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Homeless 12-year-old finds hope, success after encounter with San Diego officer

Left alone all day in Starbucks while his mother tried to earned money, Alejandro Matias Nazario’s life was transformed after Officer John Larson intervened

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Photo/Escondido Police Department

By Diane Bell
The San Diego Union-Tribune

SAN DIEGO — Alejandro Matias Nazario is a lucky guy.

That’s a surprising adjective to use in describing a homeless 12-year-old who was hanging out at a Starbucks and Jack in the Box in Escondido.

He was a quiet child who tried not to attract attention. But a couple of Starbucks employees took notice. They informed Escondido Police Officer John Larson, who frequently stopped by for coffee.

The boy stayed at Starbucks until it closed, then he crossed the street and took refuge at the Jack in the Box, which stayed open into the early morning hours. Larson started watching for him and noticed the same pattern.

It was about a week before Larson, working the graveyard shift, caught up with the elusive youngster at the Jack in the Box about midnight and talked to him.

This month, five years later, Alejandro recalled that evening.

He explained that his mom left him there in the morning and returned for him in the evening after her work of collecting and recycling cans was done: “What she earned from that day is what we’d have to spend for the whole day.”

If she had a good day, he says, they might stay the night in a budget hotel, but about 90 percent of the time they bedded down outside.

His childhood story is sad. His mother was a victim of spousal abuse, which ended up causing a permanent back injury that interfered with her ability to hold a job.

After his dad was arrested for abuse, the downward spiral began. His mother couldn’t pay the bills, lost her apartment, moved to less expensive apartments but couldn’t afford the rent in those. Then they drifted from hotel to hotel, until one day they were homeless.

Officer Larson knew the intersection of West Mission Avenue and North Quince Street was unsafe for an unsupervised kid to spend his time. Finding out that Alejandro had been robbed and his shoes stolen one night, only deepened his resolve to get him into protective custody.

Through Child Welfare Services, Alejandro ended up at the Polinsky Childrens Center, which hooks children up with foster families.

Larson checked back a week later but, due to privacy restrictions, was assured only that Alejandro was safe and being cared for.

“I completely lost contact,” he says.

Meanwhile, Alejandro was placed with a foster family in San Ysidro. A year later, he was invited to move in with a foster family in Vista where he would be closer to his mother. He agreed.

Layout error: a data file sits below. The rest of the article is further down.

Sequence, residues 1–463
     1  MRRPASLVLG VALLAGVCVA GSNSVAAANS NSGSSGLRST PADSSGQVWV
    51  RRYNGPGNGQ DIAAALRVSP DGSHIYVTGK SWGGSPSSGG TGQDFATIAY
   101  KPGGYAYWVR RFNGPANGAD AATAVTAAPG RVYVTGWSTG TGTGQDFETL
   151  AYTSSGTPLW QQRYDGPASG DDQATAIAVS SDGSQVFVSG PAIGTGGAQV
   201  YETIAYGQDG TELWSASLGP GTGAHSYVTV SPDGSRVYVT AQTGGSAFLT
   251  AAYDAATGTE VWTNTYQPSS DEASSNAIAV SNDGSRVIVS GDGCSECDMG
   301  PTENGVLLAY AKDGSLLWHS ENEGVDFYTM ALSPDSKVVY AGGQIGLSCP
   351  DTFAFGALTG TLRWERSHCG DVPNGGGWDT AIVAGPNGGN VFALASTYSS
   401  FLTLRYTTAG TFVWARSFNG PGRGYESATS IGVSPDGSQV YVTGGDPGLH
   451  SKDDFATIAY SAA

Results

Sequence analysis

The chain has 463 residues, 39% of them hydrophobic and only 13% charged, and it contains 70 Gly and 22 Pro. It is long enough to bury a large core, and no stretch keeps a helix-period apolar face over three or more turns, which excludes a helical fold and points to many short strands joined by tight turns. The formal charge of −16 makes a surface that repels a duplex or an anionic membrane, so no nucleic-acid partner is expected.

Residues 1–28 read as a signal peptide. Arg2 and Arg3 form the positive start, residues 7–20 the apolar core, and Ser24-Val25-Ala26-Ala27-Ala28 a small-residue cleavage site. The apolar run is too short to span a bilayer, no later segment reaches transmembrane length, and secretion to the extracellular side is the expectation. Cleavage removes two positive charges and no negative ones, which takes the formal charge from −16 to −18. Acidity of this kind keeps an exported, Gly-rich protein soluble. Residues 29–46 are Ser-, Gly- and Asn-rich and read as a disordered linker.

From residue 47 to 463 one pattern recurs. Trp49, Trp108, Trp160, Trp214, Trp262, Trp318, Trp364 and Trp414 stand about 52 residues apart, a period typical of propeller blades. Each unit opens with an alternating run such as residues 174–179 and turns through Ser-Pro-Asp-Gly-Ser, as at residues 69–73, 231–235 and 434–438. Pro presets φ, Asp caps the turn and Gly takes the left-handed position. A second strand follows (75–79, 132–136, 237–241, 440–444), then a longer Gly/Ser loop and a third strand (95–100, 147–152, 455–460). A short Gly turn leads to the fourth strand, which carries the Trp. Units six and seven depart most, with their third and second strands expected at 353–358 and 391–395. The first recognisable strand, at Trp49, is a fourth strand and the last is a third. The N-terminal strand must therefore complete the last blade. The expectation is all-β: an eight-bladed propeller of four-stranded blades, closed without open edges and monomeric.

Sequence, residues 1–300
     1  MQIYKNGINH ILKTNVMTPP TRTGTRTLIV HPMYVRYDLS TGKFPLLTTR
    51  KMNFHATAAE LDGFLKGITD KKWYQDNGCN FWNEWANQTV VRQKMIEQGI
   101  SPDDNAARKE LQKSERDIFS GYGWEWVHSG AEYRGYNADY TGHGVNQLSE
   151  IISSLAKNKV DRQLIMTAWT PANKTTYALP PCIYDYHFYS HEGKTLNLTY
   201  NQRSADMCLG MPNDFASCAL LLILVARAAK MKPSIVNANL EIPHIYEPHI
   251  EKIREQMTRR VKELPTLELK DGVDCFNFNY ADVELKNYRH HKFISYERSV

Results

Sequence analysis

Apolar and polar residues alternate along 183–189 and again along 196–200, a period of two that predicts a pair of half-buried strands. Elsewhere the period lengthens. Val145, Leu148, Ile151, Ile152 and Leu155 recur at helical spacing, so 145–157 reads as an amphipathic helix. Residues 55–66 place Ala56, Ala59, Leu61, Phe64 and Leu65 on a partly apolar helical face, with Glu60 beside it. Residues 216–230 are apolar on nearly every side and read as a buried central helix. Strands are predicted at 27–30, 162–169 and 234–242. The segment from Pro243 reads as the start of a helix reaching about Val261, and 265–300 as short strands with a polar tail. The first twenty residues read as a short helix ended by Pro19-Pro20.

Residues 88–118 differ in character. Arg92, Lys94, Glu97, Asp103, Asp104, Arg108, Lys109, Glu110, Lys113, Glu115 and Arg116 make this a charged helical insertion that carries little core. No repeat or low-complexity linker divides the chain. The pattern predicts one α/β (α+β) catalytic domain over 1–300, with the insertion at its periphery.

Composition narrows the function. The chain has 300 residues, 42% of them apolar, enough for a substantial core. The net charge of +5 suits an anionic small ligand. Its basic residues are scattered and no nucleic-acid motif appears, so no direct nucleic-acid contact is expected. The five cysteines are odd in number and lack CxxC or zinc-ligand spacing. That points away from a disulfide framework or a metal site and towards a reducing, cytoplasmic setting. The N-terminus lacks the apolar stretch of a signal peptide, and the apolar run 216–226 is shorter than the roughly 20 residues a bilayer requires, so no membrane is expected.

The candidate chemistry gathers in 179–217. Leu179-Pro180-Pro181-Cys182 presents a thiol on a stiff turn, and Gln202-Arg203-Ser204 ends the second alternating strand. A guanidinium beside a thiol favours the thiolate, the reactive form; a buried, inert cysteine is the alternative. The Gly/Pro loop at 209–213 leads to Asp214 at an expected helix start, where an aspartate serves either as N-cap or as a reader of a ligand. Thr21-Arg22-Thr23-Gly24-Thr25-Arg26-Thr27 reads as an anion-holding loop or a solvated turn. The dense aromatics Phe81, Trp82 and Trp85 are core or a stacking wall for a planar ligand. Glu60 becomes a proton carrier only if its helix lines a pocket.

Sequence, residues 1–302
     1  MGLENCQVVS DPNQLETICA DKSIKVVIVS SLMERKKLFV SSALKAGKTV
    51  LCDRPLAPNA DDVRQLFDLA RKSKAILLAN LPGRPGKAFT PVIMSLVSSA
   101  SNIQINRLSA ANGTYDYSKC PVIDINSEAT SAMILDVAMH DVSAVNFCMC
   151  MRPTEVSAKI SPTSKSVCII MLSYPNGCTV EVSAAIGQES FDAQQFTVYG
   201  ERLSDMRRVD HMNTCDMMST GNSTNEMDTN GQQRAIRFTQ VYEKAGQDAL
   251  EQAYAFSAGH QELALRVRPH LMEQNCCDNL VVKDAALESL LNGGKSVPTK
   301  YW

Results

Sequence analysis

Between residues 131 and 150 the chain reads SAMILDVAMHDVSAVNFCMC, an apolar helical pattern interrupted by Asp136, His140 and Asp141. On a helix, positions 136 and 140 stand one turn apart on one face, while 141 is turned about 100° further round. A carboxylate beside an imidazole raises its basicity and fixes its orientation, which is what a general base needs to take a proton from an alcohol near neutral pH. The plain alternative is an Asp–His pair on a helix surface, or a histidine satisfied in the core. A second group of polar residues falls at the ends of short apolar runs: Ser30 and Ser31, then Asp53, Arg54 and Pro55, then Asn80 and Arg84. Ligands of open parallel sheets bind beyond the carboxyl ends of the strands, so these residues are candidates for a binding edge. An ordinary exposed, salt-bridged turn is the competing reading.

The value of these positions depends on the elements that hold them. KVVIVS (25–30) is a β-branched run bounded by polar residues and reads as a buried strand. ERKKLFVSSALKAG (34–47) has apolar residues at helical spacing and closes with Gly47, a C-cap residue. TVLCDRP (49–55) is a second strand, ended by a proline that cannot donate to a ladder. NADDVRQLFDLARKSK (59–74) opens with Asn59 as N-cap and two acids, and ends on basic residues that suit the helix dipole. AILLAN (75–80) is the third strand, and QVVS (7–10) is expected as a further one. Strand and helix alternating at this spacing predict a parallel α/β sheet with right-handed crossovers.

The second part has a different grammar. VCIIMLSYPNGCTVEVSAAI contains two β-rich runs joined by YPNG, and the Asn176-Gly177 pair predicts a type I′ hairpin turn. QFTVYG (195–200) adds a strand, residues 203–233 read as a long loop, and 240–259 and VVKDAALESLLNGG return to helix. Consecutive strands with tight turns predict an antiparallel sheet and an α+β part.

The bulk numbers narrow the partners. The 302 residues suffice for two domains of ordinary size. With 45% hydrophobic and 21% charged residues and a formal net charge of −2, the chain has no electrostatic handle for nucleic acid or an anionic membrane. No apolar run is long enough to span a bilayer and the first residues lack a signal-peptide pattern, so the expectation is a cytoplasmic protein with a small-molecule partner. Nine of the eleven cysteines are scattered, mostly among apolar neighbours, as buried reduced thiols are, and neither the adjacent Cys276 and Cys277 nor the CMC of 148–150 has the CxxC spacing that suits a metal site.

“I was happy to have a place to stay,” he says. “But I was really quiet and didn’t want to form attachments to people because I was afraid of losing them.”

He says his mom was glad to see that he was living well.

Returning to school was challenging after his two-year gap, but Alejandro credits his teachers for not letting him give up. “They kept pushing me forward.”

Over the next five years, Larson often thought of the youngster. “This boy and his story always stuck with me. It definitely pulled on my heart strings.” He wondered if this kid had succeeded or had remained a victim.

It wasn’t until the Escondido Police Department was hosting the kids’ Shop with a Cop event last December that he connected with its coordinator and mentioned the incident of five years earlier.

The coordinator didn’t know Alejandro Nazario but offered to reach out to her friends and contacts in the child welfare system.

When she finally located Alejandro, it was a week before his graduation from Rancho Buena Vista High School in Vista. She gave Larson the information.

“I raced over to the high school and talked to his counselor,” Larson says. He asked the counselor to let Alejandro know he wanted to say hello.

“I was really surprised when my counselor called and told me about him. I didn’t know he would have wanted to be in contact with me,” Alejandro says. “I felt pretty happy that I had someone who really cared for me.”

Nevertheless, Alejandro admits he felt nervous because they hadn’t seen each other for five years.

The counselor called Larson an hour later. “He is excited,” she reported. “Come back tomorrow and have lunch with him.”

Armed with cheeseburgers, Larson did just that. “We gave each other a hug. He was really happy and had a really big smile. ... It felt surreal.”

They chatted. Then came a special invitation. Would the officer attend his high school graduation?

But, of course. That’s what led to a photo of a smiling cop and a beaming kid in red commencement robe and purple lei being posted on the Escondido police Facebook page.

“I’m very proud of him and very happy,” Larson says. Despite not attending school from age 10 to 12, Alejandro was graduating on time and with excellent grades.

Larson takes no credit for turning the youngster’s life around, saying it was all Alejandro’s doing. “He didn’t use his past as an excuse not to succeed.”

Alejandro is now working at a Vista restaurant and is heading to MiraCosta College this fall to pursue a degree in graphic design. He would like to create his own clothing line some day.

I asked Alejandro what he thought he would be doing today if he hadn’t met Officer Larson that night.

“I think I would still be homeless, either helping my mom or maybe doing illegal stuff because there was a high crime rate where I was living,” he says.

This story originally appeared in San Diego Union-Tribune.